A protester holds up a sign as San Diego police officers adhere to a march on bicycles in June 2020. Image by Chris Stone

The person on the other close of the cell phone is asking for funds for the security of law enforcement officers.  It was not the regular automatic call, and hearing a human voice retained me on the line.

The caller said he was phoning on behalf of the Committee for Law enforcement Officers’ Defense.  Many voices could be listened to in the qualifications. It sounded like the solicitor was contacting from a “boiler home,” where individuals dial from a checklist of doing the job cellphone numbers. In this situation, the pitch was for money for “helping police officers in the continuing war against cops.”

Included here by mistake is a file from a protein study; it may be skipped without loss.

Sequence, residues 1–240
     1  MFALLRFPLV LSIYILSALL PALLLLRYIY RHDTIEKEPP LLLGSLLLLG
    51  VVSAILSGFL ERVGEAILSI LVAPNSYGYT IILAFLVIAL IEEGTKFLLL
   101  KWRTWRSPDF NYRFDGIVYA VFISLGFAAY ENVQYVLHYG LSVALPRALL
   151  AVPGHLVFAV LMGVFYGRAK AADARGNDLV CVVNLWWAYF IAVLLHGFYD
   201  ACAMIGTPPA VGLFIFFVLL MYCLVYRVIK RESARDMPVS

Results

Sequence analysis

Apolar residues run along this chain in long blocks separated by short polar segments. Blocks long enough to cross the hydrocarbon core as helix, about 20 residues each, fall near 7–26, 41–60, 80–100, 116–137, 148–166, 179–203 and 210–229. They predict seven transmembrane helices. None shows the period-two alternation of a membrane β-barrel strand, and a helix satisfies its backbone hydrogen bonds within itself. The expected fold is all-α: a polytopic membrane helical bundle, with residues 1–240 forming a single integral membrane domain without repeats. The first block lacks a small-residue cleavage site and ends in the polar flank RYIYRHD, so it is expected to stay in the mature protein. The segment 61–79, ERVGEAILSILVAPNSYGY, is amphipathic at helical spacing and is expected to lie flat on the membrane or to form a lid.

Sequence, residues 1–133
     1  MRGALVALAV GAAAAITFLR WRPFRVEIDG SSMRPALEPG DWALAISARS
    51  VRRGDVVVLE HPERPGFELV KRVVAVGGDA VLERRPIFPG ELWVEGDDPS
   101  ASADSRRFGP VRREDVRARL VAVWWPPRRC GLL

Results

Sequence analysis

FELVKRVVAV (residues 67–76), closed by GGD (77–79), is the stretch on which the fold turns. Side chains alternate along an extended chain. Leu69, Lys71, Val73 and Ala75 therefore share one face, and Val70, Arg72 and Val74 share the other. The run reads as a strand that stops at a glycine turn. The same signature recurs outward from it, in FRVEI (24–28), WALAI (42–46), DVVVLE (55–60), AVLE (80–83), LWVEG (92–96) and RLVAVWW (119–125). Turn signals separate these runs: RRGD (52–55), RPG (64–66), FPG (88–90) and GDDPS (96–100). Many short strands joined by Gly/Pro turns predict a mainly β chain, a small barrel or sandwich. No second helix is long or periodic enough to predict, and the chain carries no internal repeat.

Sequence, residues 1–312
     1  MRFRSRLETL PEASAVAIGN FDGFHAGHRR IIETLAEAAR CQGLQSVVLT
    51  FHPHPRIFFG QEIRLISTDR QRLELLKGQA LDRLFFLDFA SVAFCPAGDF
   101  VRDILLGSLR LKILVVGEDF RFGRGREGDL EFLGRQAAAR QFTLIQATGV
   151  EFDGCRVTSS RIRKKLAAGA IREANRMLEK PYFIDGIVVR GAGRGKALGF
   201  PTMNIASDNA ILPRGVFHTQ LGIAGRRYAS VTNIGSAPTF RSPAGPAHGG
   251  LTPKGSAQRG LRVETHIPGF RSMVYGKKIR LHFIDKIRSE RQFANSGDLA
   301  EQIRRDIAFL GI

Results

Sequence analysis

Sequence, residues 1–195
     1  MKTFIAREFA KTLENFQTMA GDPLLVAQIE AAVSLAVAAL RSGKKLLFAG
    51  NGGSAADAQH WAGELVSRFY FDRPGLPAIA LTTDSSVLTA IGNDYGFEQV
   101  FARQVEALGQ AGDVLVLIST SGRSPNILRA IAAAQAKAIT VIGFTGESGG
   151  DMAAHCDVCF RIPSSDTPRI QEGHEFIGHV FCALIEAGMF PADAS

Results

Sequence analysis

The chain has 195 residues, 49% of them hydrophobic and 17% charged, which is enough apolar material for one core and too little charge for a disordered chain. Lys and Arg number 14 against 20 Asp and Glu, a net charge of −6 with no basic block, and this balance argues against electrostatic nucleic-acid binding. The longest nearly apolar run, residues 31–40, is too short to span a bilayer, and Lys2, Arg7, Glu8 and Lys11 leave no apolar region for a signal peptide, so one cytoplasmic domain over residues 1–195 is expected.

As our dialogue ongoing, the caller would reduced the total of funding he was requesting. He initially solicited $95 and at some point explained he would acknowledge a $15 contribution as an offer of “’goodwill’ on my component. This would allow me a chance to  “talk to your wife” about thinking about more contributions. 

I afterwards uncovered the firm is primarily based in Fairfax, VA, and is a political motion committee, or PAC. Quoting from its web page, the “Committee for Police Officers’ Defense is a 527 Committee designed to seek out out radical prosecutors, judges and district attorneys.” Another firm is named on the web site as nicely — The Law enforcement Officers’ Protection Coalition.

In exploring the organizations, I identified quite a few comparable-sounding names for PACs raising funds for law enforcement officers. The Law enforcement Officers Defense Alliance, for case in point, lifted $3.2 million in 2020, and The American Law enforcement Officers Alliance raised $4.3 million. The resource of the funding details was OpenSecrets, a database that tracks expending in U.S. politics operate by the Heart for Responsive Politics.